How to Make Bible Study More Engaging: 5 Tips

How to Make Bible Study More Engaging: 5 Tips December 7, 2021

“So Jesus said to the Jews who had believed him, ‘If you abide in my word, you are truly my disciples, and you will know the truth, and the truth will set you free.’” – John 8:31-32

Reading the Bible in a community setting is one of the best ways to grow as a Christian. Bible studies bring together people with diverse backgrounds, perspectives, and unique questions in a safe, supportive environment. 

Unfortunately, many people aren’t used to reading and can slip into lecture mode during Bible study instead of deeply engaging with the material. Here are five ways you can make your Bible study more engaging.

1. Use the Socratic Method

One of the best ways to engage others during Bible study is to make sure everyone is involved in the learning process. If your study is in a lecture format and the only engagement from others is taking notes, the people coming to your study won’t remember very much.

In order for deep learning to occur, study members need to join the conversation. Organize your study so that everyone gets a chance to share their thoughts, ask questions, and read out loud. This teaching format is known as the Socratic method, and it can dramatically increase engagement for learners. 

2. Study a Theme

The Bible is filled with stories that reveal God’s character. You can read it straight through or study one book at a time. However, because the Bible is a work of literature, it can be also be studied from a literary perspective

Sometimes, changing up your approach can increase engagement as members see how Scripture applies to them personally. Try studying a single word, concept, or theme that runs from the Old to the New Testament. You could also do a deep dive into history to give perspective to a single book. 

3. Add Another Activity

Although the point of a Bible study is to study the Bible, you can combine that with another activity for a long night of fellowship and fun. Plan a game night, group hike, or potluck, and incorporate Bible study into part of the event.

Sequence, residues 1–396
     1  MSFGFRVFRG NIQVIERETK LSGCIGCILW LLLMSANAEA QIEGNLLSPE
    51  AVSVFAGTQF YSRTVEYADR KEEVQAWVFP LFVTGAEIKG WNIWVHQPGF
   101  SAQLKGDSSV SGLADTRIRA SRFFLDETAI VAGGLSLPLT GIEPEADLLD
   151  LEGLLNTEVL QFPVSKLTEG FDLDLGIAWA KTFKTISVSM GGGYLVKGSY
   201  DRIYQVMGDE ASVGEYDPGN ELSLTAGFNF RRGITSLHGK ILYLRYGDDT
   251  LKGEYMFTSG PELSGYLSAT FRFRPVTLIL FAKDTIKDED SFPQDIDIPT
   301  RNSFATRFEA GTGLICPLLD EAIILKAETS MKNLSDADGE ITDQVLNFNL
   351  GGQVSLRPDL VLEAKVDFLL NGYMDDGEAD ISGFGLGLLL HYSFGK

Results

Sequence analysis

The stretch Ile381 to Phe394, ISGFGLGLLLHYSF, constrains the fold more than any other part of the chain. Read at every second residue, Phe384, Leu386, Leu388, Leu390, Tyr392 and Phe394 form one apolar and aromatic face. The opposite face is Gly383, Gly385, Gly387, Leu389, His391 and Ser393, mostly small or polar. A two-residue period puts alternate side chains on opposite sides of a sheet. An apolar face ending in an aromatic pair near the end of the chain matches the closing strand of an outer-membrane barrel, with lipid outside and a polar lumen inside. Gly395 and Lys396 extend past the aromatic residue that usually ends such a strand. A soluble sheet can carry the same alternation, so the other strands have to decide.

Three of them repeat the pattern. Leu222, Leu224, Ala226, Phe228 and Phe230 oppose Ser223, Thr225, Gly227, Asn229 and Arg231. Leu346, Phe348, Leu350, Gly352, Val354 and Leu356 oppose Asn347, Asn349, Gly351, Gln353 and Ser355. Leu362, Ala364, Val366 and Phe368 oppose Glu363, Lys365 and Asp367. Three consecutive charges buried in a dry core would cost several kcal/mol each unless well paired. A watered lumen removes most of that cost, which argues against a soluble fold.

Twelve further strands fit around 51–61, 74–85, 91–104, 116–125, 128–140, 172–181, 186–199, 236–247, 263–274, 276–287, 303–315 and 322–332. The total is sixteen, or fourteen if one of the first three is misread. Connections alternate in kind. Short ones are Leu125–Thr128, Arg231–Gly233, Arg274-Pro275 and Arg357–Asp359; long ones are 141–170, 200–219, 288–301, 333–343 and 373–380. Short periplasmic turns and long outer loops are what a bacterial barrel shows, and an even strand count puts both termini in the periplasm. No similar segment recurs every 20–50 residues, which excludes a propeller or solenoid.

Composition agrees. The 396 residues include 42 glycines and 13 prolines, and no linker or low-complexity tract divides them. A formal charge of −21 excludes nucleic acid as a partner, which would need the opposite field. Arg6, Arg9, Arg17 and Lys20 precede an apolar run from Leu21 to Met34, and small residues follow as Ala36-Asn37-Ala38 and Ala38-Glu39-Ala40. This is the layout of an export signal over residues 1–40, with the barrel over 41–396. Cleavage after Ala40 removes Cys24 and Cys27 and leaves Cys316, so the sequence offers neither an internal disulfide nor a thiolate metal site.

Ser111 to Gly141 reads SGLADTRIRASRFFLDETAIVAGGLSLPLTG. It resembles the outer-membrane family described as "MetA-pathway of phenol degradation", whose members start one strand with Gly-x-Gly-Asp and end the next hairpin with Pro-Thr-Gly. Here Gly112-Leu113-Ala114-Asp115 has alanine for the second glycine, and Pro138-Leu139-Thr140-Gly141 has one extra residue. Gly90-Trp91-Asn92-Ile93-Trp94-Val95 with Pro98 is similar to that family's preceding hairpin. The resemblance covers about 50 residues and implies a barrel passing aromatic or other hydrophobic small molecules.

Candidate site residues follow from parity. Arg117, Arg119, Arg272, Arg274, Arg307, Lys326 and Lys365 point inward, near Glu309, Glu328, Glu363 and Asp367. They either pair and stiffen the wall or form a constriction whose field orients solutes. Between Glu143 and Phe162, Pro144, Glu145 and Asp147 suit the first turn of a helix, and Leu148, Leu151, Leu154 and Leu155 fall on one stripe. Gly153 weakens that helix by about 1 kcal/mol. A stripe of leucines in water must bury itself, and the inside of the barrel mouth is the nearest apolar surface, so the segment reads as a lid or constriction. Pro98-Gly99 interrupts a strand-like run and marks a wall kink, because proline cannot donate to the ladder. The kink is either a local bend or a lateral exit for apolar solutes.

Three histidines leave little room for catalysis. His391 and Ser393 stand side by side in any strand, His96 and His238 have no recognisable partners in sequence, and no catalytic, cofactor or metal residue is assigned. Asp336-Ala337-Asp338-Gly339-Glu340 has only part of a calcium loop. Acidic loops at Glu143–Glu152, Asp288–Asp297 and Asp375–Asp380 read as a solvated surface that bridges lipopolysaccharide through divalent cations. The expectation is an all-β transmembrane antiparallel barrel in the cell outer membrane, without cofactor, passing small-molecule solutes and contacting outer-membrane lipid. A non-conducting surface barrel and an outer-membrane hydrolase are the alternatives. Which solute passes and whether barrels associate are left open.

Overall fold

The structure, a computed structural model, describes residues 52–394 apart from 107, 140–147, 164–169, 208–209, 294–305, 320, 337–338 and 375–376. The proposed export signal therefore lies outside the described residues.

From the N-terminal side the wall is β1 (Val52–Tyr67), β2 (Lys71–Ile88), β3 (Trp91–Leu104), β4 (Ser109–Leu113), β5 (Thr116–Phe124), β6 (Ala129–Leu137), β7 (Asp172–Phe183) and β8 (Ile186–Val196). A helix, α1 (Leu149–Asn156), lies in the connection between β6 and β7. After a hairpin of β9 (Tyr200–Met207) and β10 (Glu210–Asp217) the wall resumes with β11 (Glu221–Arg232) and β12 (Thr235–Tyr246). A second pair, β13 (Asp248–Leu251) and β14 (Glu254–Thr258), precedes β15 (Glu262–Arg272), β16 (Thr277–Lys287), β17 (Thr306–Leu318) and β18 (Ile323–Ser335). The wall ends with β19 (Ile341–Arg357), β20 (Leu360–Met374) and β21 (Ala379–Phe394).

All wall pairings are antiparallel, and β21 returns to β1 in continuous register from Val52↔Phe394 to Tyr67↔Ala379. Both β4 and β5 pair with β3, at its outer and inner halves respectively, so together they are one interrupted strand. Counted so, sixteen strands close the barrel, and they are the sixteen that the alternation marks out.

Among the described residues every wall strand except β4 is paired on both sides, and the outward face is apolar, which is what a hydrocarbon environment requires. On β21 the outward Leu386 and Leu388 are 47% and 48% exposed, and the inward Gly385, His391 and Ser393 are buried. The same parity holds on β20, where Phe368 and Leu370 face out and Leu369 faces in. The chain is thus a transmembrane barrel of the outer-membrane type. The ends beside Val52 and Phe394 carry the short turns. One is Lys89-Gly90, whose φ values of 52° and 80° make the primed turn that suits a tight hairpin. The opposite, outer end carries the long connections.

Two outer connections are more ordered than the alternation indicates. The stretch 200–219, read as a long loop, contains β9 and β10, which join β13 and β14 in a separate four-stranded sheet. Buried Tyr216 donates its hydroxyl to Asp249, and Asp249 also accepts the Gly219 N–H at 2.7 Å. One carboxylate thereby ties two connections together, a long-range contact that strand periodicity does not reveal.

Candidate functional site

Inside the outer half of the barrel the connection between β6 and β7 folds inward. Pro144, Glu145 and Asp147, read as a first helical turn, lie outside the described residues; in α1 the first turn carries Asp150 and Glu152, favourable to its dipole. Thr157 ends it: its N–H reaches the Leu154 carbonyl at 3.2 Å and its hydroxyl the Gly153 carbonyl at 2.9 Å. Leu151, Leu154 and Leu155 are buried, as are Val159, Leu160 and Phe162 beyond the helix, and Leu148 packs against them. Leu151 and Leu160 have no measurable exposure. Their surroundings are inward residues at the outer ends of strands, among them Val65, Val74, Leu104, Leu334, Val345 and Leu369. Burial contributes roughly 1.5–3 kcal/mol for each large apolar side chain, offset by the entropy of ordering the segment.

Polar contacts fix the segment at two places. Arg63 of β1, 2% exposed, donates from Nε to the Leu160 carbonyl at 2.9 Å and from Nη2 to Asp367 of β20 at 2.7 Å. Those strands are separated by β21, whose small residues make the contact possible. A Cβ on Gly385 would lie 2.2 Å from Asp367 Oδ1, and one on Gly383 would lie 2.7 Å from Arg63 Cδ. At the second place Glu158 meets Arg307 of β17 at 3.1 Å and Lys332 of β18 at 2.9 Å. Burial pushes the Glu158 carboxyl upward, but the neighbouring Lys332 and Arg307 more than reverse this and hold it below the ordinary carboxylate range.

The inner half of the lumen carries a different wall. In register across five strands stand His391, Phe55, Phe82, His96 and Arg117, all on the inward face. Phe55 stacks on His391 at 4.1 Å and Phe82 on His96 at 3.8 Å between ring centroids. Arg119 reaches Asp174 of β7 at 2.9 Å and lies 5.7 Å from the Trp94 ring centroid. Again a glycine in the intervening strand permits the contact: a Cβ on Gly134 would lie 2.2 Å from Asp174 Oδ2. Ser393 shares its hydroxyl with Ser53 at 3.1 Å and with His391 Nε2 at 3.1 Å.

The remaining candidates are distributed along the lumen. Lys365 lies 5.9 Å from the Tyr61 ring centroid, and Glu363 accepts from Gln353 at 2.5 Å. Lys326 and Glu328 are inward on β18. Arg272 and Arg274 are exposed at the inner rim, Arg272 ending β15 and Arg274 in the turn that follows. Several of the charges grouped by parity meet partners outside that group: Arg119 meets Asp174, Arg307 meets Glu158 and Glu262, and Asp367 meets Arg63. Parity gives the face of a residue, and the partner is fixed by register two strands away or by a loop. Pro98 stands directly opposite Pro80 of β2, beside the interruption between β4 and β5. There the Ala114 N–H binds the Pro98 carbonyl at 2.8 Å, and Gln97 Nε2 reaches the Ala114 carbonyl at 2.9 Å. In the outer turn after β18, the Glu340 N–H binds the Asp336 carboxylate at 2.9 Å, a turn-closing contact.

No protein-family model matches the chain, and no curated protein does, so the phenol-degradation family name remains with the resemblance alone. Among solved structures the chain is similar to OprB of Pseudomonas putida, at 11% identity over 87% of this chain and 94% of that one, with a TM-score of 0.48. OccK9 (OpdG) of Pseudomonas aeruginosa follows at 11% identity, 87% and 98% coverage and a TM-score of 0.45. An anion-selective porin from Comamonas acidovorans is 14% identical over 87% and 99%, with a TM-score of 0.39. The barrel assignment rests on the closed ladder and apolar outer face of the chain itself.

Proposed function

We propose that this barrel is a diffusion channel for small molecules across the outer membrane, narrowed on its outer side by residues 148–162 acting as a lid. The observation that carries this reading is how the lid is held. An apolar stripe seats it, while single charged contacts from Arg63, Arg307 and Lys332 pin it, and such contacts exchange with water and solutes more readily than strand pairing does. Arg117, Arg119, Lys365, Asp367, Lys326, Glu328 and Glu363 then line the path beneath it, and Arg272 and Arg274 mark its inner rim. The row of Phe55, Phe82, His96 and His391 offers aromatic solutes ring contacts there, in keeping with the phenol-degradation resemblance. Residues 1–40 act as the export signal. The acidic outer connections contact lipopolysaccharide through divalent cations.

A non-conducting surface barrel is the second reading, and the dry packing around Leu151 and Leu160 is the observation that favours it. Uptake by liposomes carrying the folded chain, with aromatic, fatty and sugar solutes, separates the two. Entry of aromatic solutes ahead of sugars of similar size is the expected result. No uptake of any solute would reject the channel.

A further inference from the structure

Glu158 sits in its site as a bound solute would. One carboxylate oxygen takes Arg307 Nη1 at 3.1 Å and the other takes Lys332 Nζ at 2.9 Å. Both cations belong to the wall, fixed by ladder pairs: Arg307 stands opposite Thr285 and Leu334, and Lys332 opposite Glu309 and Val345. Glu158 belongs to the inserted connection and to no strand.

Time spent in nature and with community can teach you many things about God’s character. In Psalm 65:8, King David touched on this when he said, “They who dwell at the ends of the earth stand in awe of Your signs; You make the sunrise and the sunset shout for joy.”

God’s word should always be treated with reverence, but it’s also full of stories about the messy side of life. Combining your study with a fun community event can help members make the connection between spirituality and its impact on everyday life. 

4. Respond to Art

For centuries, artists have depicted key scenes from the Bible that show their perception of Biblical characters, God’s nature, and the human condition. Pairing works of art with your Bible study can help members question their perception of what they’re reading and gain more from a specific passage. 

Have members spend time looking at the art you choose and noting what they see. Then, read the corresponding Bible passages together, and talk about their differences and similarities. What is different culturally? What details are included in the text that aren’t in the artwork, and vice versa? Does the art communicate the same message as the text? 

5. Let Someone Else Lead

To mix it up even more, consider letting someone else lead. You could even all take turns leading and learning from each other. When someone has to lead Bible study, they’re more likely to spend time reading the text, asking questions, and learning on a deep level. 

Letting someone else lead is also a good reminder that the outcome of your Bible study isn’t up to you. Your faithfulness matters, but members have to seek God in their own lives to experience growth, which ultimately comes from relationship with Him

In John 14:26, Jesus told his disciples, “But the Helper, the Holy Spirit, whom the Father will send in my name, he will teach you all things and bring to your remembrance all that I have said to you.” Coming together to study God’s Word is an invitation for the Holy Spirit to move.

Lean In Together

Spending time in God’s Word allows the Holy Spirit to speak to you, reminding everyone who comes of God’s character, His kindness, and His nearness. Group Bible studies can also challenge members to consider new perspectives and recognize areas where they need to grow. 

Use these five tips to engage members in your Bible study and encourage them to lean deeper into relationship with the God who loves them. 

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